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Authentic Mexican 20th Anniversary Ed: Regional Cooking from the Heart of Mexico Hardcover – April 3, 2007
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Copyright 1986 Reed Business Information, Inc. --This text refers to an out of print or unavailable edition of this title.
About the Author
Rick Bayless is co-owner, with his wife, Deann, of the perennially award-winning Chicago restaurants Frontera Grill and Topolobampo. As a chef and cookbook author, he has won America's highest culinary honors, including Humanitarian of the Year. He is host of the top-rated Public Television series Mexico—One Plate at a Time. His Frontera and Topolo food products can be purchased coast to coast.
Top Customer Reviews
What consistently jumps at me in this book is the author's passion for Mexican cuisine. He hits at the heart of the real Mexican food culture and makes a clear distinction between Mexican "street food" (the informal more popular dishes prevalent across the US) and the traditional, authentic dishes of various regions in Mexico. There is a reason why the latter is not as popular in the US... it takes a lot of time and energy to create the elaborate authentic dishes. You need to find a restaurant that cares about quality dishes AND can pull it off in mass quantity... or you can make it yourself with some help from this book.
The author also puts the real star ingredient at the forefront of these traditional delights - Chiles. Chiles of all shapes, sizes and levels of spiciness can be found in many of the recipes. These different dried and fresh chilies complete the complexity of the recipes and should not be substituted... if they aren't available where you live and you want to do it right then find a way... order it online!
My favorite section has to be the Moles (pronounced like Mo-lay, not like the small mammal or skin growth). I love the history provided at the beginning of this chapter. I have personally made the Mole Verde and Mole Rojo multiple times. I have made the Mole Poblano only once... it takes about 6 hours... very good and worth it once in a while.Read more ›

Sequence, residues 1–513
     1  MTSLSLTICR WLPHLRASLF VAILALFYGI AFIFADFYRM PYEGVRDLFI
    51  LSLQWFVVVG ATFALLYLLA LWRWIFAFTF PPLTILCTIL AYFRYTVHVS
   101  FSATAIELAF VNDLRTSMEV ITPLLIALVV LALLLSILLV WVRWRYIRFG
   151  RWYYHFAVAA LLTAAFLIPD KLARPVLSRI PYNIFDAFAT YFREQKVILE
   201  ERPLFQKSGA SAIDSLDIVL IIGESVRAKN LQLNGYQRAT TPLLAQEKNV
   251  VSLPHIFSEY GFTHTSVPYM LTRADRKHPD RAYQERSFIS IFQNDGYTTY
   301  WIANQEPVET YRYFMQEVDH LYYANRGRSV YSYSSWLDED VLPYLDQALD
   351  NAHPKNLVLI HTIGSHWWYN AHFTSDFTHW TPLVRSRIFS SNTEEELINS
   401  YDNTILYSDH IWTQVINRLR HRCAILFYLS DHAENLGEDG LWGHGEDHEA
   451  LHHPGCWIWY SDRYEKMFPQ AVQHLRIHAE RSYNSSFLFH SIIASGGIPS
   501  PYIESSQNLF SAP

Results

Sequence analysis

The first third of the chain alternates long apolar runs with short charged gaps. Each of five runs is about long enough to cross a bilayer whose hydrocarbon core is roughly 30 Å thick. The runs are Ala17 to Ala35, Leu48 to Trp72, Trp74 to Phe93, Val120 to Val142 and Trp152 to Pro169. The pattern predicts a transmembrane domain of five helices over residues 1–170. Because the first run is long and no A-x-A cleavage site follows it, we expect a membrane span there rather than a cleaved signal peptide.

The stated impetus to Bayless' writing this book lies in the fact that in spite of the close contact between Mexico and the United States, Mexican food in the US has undergone the same kind of metamorphosis as we find in Italian-American food.
It is an interesting exercise to highlight what is distinctive about Mexican cooking to cite the differences between Mexican and Spanish cuisines.
While Spanish cuisine is all about olives and grapes, neither of these two products transplanted well to Mexico. Thus, Mexico did not acquire any taste for many of the things you can do with olive oil and vinegar. For these key tastes, they had animal fat and citrus juice. While Spain took to the tomato and the potato, they did not take to corn (maize).Read more ›
Most Recent Customer Reviews
As I wrote about Bayless' Rick Bayless Mexico One Plate At A Time, I am a retired professional chef who teaches culinary skills to high school age students. Read morePublished 1 month ago by By CJs Pirate
Was not impressed with the recipes offered - knowing I would most likely never make 99.9% of them, this was returned.Published 1 month ago by KM44220
Rick Bayless is LEGIT. This is an essential Mexican cookbook for your collection.Published 5 months ago by Gary A. Strack
This was my first cookbook by Rick Bayless and I'm disappointed. The "Now including photos" for the 20th anniversary edition is a stretch. Read morePublished 7 months ago by P. Hernandez
Pretty nifty book! Everything I've made from it has really impressed both me and my dinner guests.Published 8 months ago by Echo Lemming
I like Rick but a little less talk and a little more recipe and pictures of what the recipe should look like when completed, please.Published 8 months ago by Frank Duckwall
Best book for any authentication of Mexican food. I checked it out from a library and loved it so much. I go thru it every week making something new. Read morePublished 9 months ago by Halloween